Toronto’s ‘Beach Village’ Sees Revival Amid Streetfront Retail Challenges

The Beach Village area in Toronto has undergone a recent transformation as it continues to welcome new retailers and businesses to the neighbourhood with a strategic plan and effort to revitalize it.

Anna Sebert, the Executive Director of the Beach Village BIA (Business Improvement Area), said 12 new ventures have either recently opened or will soon open in the district.

“It’s amazing. This has been pretty unprecedented,” she said. “People are being more positive about the area. And that’s a huge win for us.’

They include: Both Bruno’s (coming soon); East Toronto Vascular Clinic; Marvelous Beauty Lounge; The Vape Pub; Scholar’s Education Centre; Isabella’s Boutique restaurant (moved to a bigger location in the Beach); Beaches Brew Co.; Big Bruce Public House; Toronto Popcorn Company; Derma Bar; Blue Cloud Cafe; and The Sweet Oven.

PHOTO: BEACH VILLAGE BIA

When the Beach Village BIA put together an aggressive retail revitalization plan for its lakeside community back in the winter, it faced significant challenges including a 13 per cent vacancy rate and a stream of negative media coverage about the area’s business prospects.

Zenergy Communications was brought on to spur marketing and media relations efforts in the region as a business recruitment plan was developed, and several major events were launched throughout the spring and summer to drive foot traffic and increase spending in the area.

Sebert said those efforts are paying off as several new businesses are taking a foothold in the area.

The Beach Village BIA is made up of about 320 shops, restaurants, and services along Queen Street East running from Lockwood Road to Neville Park Boulevard. It is slightly north of Lake Ontario in the eastern part of Toronto.

Sebert said about 24 per cent of the businesses are retail and services is the largest sector with about 46 per cent followed by food and drink at about 27 per cent. Art and entertainment is about three per cent.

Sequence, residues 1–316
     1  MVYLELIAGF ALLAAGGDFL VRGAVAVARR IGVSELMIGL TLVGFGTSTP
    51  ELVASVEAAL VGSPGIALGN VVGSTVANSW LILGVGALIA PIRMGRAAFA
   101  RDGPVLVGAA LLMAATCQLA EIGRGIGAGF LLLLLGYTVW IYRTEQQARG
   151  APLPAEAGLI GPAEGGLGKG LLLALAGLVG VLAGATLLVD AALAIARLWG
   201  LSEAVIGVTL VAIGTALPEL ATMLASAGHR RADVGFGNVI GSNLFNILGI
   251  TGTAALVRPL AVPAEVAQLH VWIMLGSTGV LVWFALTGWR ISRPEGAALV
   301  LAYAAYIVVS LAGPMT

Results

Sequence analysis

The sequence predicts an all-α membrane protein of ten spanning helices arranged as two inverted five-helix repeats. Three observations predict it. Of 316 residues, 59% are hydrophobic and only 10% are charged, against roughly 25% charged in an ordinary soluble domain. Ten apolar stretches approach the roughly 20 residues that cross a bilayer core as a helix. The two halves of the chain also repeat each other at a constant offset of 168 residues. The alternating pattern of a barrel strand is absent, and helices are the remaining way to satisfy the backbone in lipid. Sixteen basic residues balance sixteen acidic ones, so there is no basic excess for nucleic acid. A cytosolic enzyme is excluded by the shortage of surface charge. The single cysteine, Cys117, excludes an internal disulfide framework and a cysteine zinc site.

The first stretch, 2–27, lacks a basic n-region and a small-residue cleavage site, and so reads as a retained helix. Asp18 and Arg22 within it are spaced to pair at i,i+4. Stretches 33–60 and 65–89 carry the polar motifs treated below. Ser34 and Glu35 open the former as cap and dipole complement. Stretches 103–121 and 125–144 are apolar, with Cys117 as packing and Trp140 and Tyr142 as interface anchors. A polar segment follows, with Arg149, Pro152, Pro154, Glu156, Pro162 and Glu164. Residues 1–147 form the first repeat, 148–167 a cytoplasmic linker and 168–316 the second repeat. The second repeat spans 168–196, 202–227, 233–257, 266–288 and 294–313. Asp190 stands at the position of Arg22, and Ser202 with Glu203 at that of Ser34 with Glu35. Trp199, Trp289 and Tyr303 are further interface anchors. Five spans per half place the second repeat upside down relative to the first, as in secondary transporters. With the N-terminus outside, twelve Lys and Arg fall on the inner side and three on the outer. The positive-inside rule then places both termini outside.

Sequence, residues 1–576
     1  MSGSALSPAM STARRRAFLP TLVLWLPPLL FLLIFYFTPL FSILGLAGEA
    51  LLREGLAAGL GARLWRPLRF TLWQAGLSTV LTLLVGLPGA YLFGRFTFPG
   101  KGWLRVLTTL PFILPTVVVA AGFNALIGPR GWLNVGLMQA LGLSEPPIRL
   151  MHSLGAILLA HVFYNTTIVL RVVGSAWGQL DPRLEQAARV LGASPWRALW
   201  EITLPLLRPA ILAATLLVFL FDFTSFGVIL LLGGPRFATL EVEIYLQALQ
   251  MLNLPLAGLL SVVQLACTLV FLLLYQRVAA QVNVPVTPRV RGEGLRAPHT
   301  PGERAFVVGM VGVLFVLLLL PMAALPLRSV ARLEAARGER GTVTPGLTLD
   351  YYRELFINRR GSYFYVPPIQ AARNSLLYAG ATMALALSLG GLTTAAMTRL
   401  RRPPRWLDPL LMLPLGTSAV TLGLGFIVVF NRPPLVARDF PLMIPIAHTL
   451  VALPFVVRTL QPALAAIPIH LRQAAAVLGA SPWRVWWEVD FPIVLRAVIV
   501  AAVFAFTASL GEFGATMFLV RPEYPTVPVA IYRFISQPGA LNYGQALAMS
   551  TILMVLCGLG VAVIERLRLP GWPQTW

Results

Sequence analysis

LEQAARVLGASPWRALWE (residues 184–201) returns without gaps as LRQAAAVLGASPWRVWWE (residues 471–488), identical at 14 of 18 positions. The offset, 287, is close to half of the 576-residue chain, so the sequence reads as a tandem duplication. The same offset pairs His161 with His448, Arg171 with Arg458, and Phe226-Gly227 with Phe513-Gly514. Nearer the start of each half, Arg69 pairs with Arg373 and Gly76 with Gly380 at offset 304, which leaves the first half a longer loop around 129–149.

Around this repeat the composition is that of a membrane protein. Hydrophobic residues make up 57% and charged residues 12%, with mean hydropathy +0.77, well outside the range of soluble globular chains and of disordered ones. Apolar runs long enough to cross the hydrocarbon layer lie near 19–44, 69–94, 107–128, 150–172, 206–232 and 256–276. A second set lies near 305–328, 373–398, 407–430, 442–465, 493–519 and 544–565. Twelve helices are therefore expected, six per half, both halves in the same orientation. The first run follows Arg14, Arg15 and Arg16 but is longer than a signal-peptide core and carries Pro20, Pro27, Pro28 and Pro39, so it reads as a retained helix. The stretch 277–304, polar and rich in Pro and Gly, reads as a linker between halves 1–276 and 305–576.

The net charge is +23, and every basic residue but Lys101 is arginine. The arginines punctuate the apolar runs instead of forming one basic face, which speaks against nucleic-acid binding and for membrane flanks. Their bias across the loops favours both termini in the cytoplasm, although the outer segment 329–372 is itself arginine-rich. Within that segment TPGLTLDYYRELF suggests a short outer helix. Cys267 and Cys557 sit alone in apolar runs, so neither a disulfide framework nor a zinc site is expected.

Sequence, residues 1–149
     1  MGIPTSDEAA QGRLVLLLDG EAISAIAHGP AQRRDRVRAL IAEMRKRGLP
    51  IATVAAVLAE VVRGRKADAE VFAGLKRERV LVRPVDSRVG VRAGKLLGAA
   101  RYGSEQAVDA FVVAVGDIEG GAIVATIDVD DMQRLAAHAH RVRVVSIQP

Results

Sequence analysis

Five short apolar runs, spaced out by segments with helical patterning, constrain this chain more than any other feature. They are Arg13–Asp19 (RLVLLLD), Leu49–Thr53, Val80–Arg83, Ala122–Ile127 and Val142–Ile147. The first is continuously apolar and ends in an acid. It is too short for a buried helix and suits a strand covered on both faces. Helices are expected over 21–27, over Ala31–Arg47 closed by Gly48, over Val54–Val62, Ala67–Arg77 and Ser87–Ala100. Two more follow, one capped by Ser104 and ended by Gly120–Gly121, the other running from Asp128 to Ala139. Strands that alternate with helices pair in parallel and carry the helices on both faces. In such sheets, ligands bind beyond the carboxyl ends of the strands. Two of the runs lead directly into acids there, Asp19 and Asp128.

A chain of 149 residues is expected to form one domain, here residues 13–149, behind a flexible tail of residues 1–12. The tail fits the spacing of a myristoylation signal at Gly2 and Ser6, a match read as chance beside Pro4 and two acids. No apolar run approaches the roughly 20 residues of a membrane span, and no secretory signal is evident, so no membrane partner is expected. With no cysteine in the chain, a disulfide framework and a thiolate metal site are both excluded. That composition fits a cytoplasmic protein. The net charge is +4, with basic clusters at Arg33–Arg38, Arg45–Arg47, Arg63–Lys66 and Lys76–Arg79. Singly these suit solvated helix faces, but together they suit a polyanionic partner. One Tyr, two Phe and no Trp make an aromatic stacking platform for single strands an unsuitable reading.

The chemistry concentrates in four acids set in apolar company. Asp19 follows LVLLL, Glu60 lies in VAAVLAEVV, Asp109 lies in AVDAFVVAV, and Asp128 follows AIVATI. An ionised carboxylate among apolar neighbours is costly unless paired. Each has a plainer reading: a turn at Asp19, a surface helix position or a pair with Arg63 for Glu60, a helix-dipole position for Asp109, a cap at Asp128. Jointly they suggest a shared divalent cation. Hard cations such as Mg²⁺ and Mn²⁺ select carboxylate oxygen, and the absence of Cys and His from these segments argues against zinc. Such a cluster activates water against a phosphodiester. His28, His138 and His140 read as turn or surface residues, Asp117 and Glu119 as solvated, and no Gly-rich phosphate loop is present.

“Mostly our businesses are small, independent retailers. Mom and pop shops. That kind of thing,” she said.

“Our name The Beach Village alludes to the fact that we are a small town within the city. It’s kind of like this little pocket of its own in the east. A lot of people kind of consider the end of our BIA as the unofficial end of Toronto. It’s a nice little pocket where you can go to the beach and then you can stroll around. We’ve got some larger sidewalks. We’ve got Kew Gardens which is a huge park in the area – used to host Jazz Fest for 25 years.

PHOTO: BEACH VILLAGE BIA

“It’s a very community centric neighbourhood as well. Everybody kind of knows each other – that kind of feel.”

Sebert said the neighbourhood has experienced changes in recent years. Development which has taken place in the western part of the city has slowly moved east to The Beach Village.

“I think a lot of people want things to stay the same but they’re not. It’s very cyclical down here at The Beach and I think a lot of people for many years were thinking ‘oh it was better in the 80s, better in the 90s’. There’s a little bit of a raise in the vacancy rate. That came from a multitude of reasons. You did have people buying properties for development as that was slowly coming in,” she said.

“Then you had some people as the commercial property taxes went up the area was sought after and rents became a little more expensive. Only really people who were providing great products, great experiences were the ones who were surviving. It was becoming tough. But that’s something we’re definitely seeing a change in. We do have some great landlords down here who are willing to work with people and breathe some new life into here.”

PHOTO: BEACH VILLAGE BIA

The BIA recently did a streetscape master plan with the City of Toronto to guide the vision of the street for the future and build a brand identity.

“That’s great and that’s what we always do but this year we actually have started to do a business recruitment strategy and that is beyond the scope of what BIAs normally do. We normally don’t have the funding for that kind of thing – the labour, the time. But I was actually granted a grant from the City of Toronto’s BIA office – an innovation grant – to work on this business recruitment strategy,” said Sebert.

“Right now we have talked to and surveyed businesses, landlords, residents and we’re really trying to develop a more comprehensive marketing strategy to really promote this area as the place to do business.

PHOTO: BEACH VILLAGE BIA

“I think we’ve always had that really great base of what we do. We do our movies in the park. We do retail shopping events. We do Christmas events. We do banners and baskets. We make the street look beautiful. But I think now that we’ve got that foundation we’re starting to build on it and I think we’ve already seen some great responses from our businesses who want to get involved and that’s really going to continue to help us especially in recruiting more independent businesses to the area and as we see that already happening we can start featuring that and getting them to be involved in the process. Let’s try to bring in more people.”

Article Author

Mario Toneguzzi
Mario Toneguzzi
Mario Toneguzzi, based in Calgary, has more than 40 years experience as a daily newspaper writer, columnist, and editor. He worked for 35 years at the Calgary Herald covering sports, crime, politics, health, faith, city and breaking news, and business. He now works on his own as a freelance writer and consultant in communications and media relations/training.

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